Students who are considered homeless by Florida schools can be living in hotels, trailer parks, in campgrounds or doubled up with friends or relatives. And with as many as 71,000 or more homeless students in the state the challenges can extend beyond the kids and families to include the schools.
For most kids school is a place of achievement and learning, or just a place to socialize with friends. But for kids without stable living arrangements it can mean much more than that.
School districts want to help their homeless students, but first they have to know who they are.
Estimates vary greatly on how many homeless students there are in Florida. Some say the number is as high as one in every 18.
Ken Gaughan supervises social work for Hillsborough County Public Schools. They asked experts how many homeless students they may have.
“And the input we get is – you need to look at your free lunch count in the district and our free lunch count is pretty high,” Gaughan said. “It’s around 55 percent. They say about 10 percent of your free lunch population is also homeless. And that’s a pretty big number.”
Doing the math, that means as many as 11,000 students in Hillsborough County may be homeless.
But the state of Florida doesn’t agree. In 2013, it estimated the number in the county to be closer to about 3,200.
Bottom line – it’s really hard to get an accurate count of homeless students, especially as they get older when they couch surf or move around a lot.
Twelve-year-old Noah Holmes is one of an estimated 2,200 homeless kids in Pinellas County. He remembers the hotel where he and his family recently lived and he can describe it in just one word.
“Bad,” Noah said. “You can’t go at least ten feet without smelling weed or pot or something. Just, the place was bad.”
Noah, with his mother and seven-year-old sister Emma moved into the Homeless Empowerment Program or H-E-P in Clearwater. It’s a shelter and training program for homeless families and individuals.
Noah’s mother is Michelle Holmes. She brought them to HEP on the recommendation of their pastor after she lost her job and then their apartment.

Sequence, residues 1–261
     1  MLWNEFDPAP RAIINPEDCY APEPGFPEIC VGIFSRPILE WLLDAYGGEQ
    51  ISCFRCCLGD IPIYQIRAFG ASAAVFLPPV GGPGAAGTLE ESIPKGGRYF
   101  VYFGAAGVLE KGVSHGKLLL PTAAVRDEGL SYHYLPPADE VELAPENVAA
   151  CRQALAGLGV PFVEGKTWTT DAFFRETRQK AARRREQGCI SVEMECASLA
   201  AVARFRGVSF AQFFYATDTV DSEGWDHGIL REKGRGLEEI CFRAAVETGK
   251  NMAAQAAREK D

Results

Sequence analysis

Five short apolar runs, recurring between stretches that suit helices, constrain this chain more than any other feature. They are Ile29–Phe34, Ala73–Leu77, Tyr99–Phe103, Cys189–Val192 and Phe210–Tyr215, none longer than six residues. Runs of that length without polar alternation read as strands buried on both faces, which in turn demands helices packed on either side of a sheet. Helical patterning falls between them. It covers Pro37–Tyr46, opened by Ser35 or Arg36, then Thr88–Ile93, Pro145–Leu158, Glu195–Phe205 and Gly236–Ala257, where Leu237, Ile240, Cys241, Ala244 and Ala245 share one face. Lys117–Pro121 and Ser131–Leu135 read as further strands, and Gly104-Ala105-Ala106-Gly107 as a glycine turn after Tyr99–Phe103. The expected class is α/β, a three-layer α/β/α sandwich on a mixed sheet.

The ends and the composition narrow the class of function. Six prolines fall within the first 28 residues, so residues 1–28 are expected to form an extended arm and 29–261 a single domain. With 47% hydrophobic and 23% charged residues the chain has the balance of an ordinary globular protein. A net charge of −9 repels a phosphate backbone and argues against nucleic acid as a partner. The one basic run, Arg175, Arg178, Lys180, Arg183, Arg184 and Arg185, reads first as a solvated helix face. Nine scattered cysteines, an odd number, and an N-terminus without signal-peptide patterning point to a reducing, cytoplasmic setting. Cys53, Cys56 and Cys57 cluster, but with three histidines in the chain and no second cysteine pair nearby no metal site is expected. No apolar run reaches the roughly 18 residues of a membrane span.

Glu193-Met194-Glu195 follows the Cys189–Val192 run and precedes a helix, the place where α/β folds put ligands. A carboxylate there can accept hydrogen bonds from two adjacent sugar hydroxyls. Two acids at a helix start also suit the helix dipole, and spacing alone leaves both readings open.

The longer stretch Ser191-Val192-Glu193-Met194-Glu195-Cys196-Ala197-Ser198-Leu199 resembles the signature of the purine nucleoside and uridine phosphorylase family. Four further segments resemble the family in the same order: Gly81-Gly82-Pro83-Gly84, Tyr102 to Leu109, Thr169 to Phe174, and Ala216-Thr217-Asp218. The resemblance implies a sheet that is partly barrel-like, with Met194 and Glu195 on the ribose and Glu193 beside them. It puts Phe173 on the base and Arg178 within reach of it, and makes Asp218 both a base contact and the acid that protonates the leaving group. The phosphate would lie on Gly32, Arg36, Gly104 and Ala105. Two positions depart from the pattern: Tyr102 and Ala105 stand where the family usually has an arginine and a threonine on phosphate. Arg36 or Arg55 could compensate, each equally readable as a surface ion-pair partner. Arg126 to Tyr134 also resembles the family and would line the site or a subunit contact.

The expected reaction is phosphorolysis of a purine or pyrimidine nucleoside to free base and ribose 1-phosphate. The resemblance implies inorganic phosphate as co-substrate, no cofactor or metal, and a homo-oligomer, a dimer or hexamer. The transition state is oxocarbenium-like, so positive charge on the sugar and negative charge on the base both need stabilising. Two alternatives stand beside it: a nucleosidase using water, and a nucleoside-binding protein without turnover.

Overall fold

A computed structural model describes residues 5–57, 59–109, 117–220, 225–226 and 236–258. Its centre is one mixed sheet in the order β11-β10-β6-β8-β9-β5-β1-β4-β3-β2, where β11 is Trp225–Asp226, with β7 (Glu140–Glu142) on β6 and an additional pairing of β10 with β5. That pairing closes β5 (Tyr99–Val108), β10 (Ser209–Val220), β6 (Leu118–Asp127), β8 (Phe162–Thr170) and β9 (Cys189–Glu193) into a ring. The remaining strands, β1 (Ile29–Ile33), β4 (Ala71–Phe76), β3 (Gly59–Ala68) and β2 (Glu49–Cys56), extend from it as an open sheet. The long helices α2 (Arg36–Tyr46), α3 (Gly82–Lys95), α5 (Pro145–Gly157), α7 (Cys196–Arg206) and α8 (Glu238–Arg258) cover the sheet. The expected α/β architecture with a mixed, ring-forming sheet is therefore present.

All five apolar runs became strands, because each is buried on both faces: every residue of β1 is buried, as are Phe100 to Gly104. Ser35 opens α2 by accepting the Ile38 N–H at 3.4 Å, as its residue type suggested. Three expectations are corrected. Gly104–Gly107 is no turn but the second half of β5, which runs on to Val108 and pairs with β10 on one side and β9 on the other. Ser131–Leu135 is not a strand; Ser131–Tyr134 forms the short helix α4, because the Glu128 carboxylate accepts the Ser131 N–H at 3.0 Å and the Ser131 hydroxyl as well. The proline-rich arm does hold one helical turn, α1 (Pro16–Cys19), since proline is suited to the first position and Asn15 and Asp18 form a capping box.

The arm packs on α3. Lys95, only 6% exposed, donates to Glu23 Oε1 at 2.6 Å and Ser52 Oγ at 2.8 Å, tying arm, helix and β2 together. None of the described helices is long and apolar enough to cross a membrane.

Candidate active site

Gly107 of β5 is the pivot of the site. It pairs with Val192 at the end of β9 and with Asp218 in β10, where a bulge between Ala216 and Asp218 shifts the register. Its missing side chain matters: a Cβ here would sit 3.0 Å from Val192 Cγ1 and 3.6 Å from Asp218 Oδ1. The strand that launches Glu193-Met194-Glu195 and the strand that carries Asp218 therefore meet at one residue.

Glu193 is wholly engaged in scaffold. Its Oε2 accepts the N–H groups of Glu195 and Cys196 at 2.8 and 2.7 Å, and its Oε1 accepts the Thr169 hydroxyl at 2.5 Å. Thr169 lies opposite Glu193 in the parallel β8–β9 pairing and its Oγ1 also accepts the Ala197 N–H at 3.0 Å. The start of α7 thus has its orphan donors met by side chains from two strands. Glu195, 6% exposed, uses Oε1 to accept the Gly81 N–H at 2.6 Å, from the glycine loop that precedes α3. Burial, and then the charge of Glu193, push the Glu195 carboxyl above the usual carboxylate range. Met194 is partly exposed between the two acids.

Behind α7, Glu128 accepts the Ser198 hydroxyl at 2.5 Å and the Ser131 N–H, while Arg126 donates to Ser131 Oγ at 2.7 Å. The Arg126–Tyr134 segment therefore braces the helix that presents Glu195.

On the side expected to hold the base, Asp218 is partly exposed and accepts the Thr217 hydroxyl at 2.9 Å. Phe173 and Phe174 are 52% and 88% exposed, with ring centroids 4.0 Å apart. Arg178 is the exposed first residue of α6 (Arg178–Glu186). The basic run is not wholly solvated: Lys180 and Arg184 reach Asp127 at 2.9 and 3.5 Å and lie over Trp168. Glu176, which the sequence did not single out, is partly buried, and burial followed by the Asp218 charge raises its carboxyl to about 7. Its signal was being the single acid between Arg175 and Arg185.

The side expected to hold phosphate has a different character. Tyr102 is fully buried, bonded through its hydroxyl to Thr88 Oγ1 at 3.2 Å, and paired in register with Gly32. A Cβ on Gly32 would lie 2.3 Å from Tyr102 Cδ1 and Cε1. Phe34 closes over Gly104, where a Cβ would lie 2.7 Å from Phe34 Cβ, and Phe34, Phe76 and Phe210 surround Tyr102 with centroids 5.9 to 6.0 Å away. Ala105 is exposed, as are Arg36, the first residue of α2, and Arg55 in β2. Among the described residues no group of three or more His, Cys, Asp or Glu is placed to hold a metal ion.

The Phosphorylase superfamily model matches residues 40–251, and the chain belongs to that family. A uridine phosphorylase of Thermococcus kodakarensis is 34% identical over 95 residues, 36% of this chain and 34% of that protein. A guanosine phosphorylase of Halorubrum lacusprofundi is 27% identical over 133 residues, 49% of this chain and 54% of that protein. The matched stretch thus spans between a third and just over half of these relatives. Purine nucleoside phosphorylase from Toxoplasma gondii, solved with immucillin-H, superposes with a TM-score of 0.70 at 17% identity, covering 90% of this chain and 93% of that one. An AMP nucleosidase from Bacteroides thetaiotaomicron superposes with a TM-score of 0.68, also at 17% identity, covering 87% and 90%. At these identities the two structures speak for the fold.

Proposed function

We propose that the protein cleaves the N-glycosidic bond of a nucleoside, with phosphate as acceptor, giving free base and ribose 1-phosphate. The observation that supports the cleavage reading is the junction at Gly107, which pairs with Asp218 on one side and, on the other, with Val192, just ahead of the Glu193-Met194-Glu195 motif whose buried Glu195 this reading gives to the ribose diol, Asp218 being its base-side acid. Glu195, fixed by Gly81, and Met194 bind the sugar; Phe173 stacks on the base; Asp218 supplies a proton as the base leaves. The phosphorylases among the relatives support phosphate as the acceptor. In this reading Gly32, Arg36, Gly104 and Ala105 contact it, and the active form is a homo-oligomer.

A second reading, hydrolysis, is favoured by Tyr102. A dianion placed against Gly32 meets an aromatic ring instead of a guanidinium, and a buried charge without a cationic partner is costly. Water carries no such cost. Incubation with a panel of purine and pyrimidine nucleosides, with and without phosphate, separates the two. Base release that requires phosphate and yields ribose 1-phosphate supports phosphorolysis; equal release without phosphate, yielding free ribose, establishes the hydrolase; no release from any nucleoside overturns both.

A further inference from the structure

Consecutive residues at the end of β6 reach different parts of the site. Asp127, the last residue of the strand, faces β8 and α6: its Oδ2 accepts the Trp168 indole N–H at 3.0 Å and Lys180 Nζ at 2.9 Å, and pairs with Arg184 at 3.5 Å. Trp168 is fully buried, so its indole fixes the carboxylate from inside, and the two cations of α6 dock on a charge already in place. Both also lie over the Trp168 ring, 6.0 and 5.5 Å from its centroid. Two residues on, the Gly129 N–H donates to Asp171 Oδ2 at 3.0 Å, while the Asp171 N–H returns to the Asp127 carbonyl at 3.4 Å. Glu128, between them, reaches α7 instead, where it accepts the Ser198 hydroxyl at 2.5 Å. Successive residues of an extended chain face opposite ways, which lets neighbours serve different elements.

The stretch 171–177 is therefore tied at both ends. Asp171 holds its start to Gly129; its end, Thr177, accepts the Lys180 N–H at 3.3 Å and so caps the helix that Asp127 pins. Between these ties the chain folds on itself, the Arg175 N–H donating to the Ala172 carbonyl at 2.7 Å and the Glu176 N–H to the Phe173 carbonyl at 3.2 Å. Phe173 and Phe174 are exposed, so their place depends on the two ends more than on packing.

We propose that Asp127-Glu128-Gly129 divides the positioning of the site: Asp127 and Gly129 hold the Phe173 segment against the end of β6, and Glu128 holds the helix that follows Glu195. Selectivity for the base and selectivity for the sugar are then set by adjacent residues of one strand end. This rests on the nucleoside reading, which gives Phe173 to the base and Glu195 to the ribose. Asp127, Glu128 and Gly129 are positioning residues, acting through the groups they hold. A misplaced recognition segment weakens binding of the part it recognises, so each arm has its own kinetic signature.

“Without this I don’t know where we would be,” Holmes said. “I don’t want to say we would have been living on the streets but that may have been our next step.”
And she says she’s noticed a change in Noah since their housing troubles started.
“He’s very pouty and quieter,” Holmes said. “I definitely think it effects them at school. I don’t think they know how to express what to tell everyone.”
The American Psychological Association says as schooling for homeless children is interrupted or delayed, they are twice as likely to have a learning disability, have to repeat a grade or be suspended from school.
And there are the everyday challenges like transportation, food and clothing and getting homework done.
That’s where schools come in.
Ellen McLaughlin is in charge of a program at the Sarasota Y that helps homeless students enroll and stay in school.
“The best place for a homeless kid to be is in a school,” McLaughlin said. “They have safety, they have stability and they can make progress to their goals.”
McLaughlin acts as a liaison between homeless students and the school, helping them connect with social services, school buses, shelters and keeping up with school work. By federal law, every district has someone like her. And the law does more.
“The McKinney-Vento Act says that even if a child moves ten times they have the right to stay in one school all year, with transportation provided by the school district,” McLaughlin said.
But McLaughlin says the role staff and teachers play is also vital.
“We train teachers that these are their kids,” McLaughlin said. “To be successful they need stability and the teachers really embrace that. They do need to understand that it’s hard to do your homework when you’re in a shelter or in a car.”
Teachers and staff are trained to look for signs of homelessness so they can direct kids to help. Signs like changing schools a lot, sleeping in class, lost paperwork or always being behind. And McLaughlin says there’s another red flag.
“You often see kids hoarding food,” McLaughlin said. “Like, we might have an opportunity in one of our programs to give snacks. And, they want to take extras.”
Meanwhile, Noah Holmes says he is just glad his family is together. And he wants it to be a fresh start for all of them.
“I hope it helps my family get back on our feet,” Noah said. “Instead of just keep falling and falling. So we just move up from where we used to be.”
His mom is going through a six-week computer training class at HEP. She hopes it will improve her chances at finding a good job and a permanent home of their own.